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  1. #1
    Platinum Member
    Join Date
    Mar 2010
    Posts
    790
    Location
    Maine

    Default Anyone ever consider building a piece of equipment - to build pieces of equipment?

    Specifically I'm talking about an ironworker. I've seen & used them years back when working at a large fabricator, but until recently I never realized they made them in a moderately affordable home shop package. I always assumed they were all in the 5-figure price range.

    I've been around steel fabrication to know that this isn't necessarily an easy or cheaper alternative, but it allows for the one thing that you can't always get in an off-the-shelf package - being able to get it exactly the way you want it. Maybe the off-the-shelf ones don't have a big enough work table, or maybe the one you like best doesn't have one of the features that another one has.

    My initial thoughts would be to build it in a modular style, with one or two workstations that can have various off-the-shelf components installed. That way you could have the best of all worlds. if one company has a brake you like, but another has a better shear, or a better punch selection, you could custom build it to use different manufacturer's components. As you can probably guess, my initial plan would be to buy the modular stations, as they would probably not be cost effective to try to make, due to tighter tolerances, hardened pieces, specialty components, etc.

    What this leaves is the frame, hydraulics, and electrics. i can't imagine there's anything in that part that is too difficult to fabricate. Since pretty much any unit you buy has a $500+ shipping charge, there's a little wiggle room in the budget to work with.

    If any of you have ever toyed with this idea, or made some sketches or notes, I'd like to hear about it. Maybe we could toss some ideas around and figure out any of the stumbling blocks. Also, if any of you are in the Central / Mid-coast Maine area, maybe we could collaborate on making a couple of these for our personal use, providing we can work past any design and fabrication issues.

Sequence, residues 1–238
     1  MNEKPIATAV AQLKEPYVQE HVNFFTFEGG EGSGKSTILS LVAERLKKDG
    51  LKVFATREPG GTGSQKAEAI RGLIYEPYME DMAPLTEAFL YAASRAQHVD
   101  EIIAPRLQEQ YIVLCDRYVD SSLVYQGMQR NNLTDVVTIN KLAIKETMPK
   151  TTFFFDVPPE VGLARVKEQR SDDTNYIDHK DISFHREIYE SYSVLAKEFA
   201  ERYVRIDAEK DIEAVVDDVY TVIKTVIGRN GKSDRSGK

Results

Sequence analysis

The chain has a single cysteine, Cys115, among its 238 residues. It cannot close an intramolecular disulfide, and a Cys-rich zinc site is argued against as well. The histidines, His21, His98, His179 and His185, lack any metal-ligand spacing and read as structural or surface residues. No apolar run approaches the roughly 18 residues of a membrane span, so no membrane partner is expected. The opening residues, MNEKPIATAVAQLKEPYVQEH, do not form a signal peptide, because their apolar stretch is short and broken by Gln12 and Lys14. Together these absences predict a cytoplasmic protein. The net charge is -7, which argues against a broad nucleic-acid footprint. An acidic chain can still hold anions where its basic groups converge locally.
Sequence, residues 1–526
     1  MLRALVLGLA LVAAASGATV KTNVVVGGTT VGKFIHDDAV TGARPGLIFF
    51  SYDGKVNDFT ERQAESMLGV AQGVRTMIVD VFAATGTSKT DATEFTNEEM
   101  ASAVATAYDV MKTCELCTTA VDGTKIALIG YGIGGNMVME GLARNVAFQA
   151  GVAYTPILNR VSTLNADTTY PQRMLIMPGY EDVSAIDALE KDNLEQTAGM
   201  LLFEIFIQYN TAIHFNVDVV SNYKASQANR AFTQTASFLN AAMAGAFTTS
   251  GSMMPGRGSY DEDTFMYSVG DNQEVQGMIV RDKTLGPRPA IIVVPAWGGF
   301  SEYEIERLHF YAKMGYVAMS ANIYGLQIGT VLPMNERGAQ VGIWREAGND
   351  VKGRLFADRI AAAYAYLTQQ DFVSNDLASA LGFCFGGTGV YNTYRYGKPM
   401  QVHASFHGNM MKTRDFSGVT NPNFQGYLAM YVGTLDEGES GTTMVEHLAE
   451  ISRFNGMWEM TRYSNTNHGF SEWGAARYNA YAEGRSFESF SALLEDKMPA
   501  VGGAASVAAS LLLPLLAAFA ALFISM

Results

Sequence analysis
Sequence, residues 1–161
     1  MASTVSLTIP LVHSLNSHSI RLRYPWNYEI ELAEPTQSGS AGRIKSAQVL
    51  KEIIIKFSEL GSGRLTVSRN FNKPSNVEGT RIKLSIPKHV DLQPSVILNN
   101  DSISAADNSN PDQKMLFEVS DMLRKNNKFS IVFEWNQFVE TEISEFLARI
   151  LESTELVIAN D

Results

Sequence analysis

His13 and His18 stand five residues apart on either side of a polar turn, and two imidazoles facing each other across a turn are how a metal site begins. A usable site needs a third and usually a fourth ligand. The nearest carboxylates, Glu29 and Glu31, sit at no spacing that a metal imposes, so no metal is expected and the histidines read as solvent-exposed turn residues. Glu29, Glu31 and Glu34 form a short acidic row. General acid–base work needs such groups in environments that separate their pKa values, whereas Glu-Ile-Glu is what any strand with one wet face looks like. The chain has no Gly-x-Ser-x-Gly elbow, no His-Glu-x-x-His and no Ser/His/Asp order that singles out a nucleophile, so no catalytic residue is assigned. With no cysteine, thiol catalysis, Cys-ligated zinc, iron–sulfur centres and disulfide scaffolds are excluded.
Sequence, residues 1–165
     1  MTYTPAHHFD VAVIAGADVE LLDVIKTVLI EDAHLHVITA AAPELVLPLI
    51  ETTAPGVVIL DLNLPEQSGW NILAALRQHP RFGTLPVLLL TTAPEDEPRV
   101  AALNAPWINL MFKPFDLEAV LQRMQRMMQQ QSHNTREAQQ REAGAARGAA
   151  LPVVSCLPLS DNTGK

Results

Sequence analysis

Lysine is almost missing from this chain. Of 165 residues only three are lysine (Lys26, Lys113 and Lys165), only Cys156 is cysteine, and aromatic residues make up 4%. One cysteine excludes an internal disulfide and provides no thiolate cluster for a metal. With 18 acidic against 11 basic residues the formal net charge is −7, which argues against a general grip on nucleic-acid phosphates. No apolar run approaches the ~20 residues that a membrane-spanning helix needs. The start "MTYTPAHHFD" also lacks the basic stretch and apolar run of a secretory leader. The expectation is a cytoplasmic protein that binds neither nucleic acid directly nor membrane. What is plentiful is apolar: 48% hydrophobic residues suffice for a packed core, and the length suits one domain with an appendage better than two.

2. #2
    Elite Member
    Join Date
    Mar 2002
    Posts
    2,829
    Location
    Iuka Mississippi USA
    Tractor
    3550 Fard Backhoe and a 1948 Farmall Cub,

    Default Re: Anyone ever consider building a piece of equipment - to build pieces of equipment

    United Implements got their start this way. I work with and old man that worked there when it was started. Their first homebuilt iron worker had a pump that was off a Farmall Cub, and a large ram and would drive a 3/4 punch through half inch steel. I have an old pattern burner for tracing out parts. The other day I had a customer had me cut out a pattern he made me. I cut out a section of some 1 inch plate to make the top arm of an iron worker. he bought a large tree shear cylinder I took off an old Cat cutter and a pump setup off a lift dock. Just look at it this way every thing at one time was homemade or someone made the first one. Tiffin Motor homes has an angle shear off an iron worker they put a cylinder on and made a throat to hold it. It cuts off angles for them wit ha toach of a button.

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